Found 12 article(s) for author 'Mihir Desai'

Mihir Desai on “The Wisdom of Finance”

Mihir Desai on “The Wisdom of Finance”. Mihir Desai, September 12, 2017, Video, “In 1688, essayist Josef de la Vega described finance as both “the fairest and most deceitful business…the noblest and the most infamous in the world, the finest and most vulgar on earth.” The characterization of finance as deceitful, infamous and vulgar still rings true today – particularly in the wake of the 2008 financial crisis. But, what happened to the fairest noblest, and finest profession that de la Vega saw? De la Vega hit on an essential truth that has been forgotten: finance can be just as principled, life-affirming and worthy as it can be fraught with questionable practices. Today, finance is shrouded in mystery for outsiders, while many insiders are uneasy with the disrepute of their profession. How can finance become more accessible and also recover its nobility?Link

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Harvard Business School Professor Explains the Most Important Problem We Have In Finance Today And How To Fix It

Harvard Business School Professor Explains the Most Important Problem We Have In Finance Today And How To Fix It. Mihir Desai, June 5, 2017, Video, “Mihir Desai, a professor of Harvard Business School and the author of “Wisdom of Finance” explains why having shareholders who are separate from the managers hold great danger for finance today. Following is a transcript of the video.Link

 

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The Wisdom of Finance: Discovering Humanity in the World of Risk and Return

The Wisdom of Finance: Discovering Humanity in the World of Risk and Return. Mihir Desai, 2017, Book, “In 1688, essayist Josef de la Vega described finance as both “the fairest and most deceitful business . . . the noblest and the most infamous in the world, the finest and most vulgar on earth.” The characterization of finance as deceitful, infamous, and vulgar still rings true today – particularly in the wake of the 2008 financial crisis. But, what happened to the fairest, noblest, and finest profession that de la Vega saw?Link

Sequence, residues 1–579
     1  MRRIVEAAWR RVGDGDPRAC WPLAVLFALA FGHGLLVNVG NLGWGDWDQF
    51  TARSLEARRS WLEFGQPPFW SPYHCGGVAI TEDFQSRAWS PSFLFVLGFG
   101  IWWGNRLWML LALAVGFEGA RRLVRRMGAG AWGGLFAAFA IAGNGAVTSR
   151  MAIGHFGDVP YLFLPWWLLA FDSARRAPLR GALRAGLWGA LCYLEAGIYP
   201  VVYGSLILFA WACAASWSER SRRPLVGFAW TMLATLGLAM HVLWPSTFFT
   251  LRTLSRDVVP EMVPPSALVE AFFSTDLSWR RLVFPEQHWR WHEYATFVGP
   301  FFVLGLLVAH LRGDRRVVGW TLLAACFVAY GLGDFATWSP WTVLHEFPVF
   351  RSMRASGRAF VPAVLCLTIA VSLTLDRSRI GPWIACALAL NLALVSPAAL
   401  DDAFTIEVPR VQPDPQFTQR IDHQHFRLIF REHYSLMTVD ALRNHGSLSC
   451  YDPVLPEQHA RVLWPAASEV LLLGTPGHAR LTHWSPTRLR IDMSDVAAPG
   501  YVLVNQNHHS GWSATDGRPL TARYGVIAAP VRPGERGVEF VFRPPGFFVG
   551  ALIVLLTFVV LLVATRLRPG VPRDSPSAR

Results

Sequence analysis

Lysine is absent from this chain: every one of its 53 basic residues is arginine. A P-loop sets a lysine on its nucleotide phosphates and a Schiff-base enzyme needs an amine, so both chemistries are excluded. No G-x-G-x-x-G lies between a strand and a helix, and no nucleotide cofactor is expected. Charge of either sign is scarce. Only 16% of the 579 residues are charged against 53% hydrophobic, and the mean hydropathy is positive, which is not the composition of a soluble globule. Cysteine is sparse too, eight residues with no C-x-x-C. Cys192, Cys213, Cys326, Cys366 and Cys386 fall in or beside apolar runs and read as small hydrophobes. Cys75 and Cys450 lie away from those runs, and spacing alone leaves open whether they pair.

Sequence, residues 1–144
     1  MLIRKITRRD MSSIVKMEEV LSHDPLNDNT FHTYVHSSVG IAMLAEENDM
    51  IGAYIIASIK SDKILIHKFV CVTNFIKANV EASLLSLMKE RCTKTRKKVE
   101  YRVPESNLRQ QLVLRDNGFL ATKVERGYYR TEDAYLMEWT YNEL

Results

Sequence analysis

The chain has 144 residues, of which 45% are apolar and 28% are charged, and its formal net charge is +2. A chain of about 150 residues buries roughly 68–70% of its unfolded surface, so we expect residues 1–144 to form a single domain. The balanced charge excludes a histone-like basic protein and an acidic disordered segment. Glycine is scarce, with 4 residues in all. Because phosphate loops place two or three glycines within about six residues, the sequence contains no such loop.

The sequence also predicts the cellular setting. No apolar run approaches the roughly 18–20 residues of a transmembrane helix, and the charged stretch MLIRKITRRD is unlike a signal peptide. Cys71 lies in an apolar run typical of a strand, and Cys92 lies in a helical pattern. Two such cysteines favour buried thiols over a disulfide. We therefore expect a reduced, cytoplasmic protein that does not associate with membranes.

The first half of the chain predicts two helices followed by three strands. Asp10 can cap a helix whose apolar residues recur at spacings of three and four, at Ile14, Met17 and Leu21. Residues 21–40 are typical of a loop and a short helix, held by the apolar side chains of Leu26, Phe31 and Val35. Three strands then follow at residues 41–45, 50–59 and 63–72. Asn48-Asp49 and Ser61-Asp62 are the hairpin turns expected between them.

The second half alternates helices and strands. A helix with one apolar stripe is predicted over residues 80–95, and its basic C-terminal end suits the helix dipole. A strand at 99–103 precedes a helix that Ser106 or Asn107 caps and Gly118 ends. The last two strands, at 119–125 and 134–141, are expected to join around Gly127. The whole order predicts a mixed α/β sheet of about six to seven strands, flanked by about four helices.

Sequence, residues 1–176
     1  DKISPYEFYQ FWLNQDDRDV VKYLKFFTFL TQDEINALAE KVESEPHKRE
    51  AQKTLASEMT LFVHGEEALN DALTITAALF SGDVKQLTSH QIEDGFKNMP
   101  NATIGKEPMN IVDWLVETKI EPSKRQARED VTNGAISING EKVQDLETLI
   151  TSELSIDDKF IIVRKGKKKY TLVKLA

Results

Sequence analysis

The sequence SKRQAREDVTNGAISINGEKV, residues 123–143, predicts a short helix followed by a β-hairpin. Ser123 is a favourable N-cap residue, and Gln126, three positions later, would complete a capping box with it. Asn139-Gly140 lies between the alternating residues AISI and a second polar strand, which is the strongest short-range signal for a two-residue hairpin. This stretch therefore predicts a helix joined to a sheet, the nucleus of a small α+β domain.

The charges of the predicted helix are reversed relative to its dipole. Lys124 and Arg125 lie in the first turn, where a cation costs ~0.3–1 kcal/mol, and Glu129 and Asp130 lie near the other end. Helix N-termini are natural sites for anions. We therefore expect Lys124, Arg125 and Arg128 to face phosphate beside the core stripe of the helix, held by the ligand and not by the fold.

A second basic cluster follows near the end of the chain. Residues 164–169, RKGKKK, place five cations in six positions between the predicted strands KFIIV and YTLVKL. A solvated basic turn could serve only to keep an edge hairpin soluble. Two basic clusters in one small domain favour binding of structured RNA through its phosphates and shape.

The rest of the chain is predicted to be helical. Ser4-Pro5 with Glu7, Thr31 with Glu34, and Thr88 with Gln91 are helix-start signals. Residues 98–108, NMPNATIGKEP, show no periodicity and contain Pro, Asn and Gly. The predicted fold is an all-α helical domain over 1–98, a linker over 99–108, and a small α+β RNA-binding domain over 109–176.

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The Debate on Corporate Tax Reform Just Started for Real

The Debate on Corporate Tax Reform Just Started for Real. Mihir Desai, May 2017, Opinion, “President Trump’s announcement of his proposed tax reforms, as skeletal as it was, is better news than most commentators have suggested. First, it signals that the administration is coming to the view that tax reform is the most important agenda item for the first term — and that is great news. Second, the fact that the corporate piece of the proposal did not embrace the plan proposed by House Ways and Means Chair Kevin Brady and Speaker Paul Ryan, and its so-called border adjustment tax, is also good news. So, there is some good news in what it signals and what’s not in it. What about what is in it?Link

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Problems Unsolved and a Nation Divided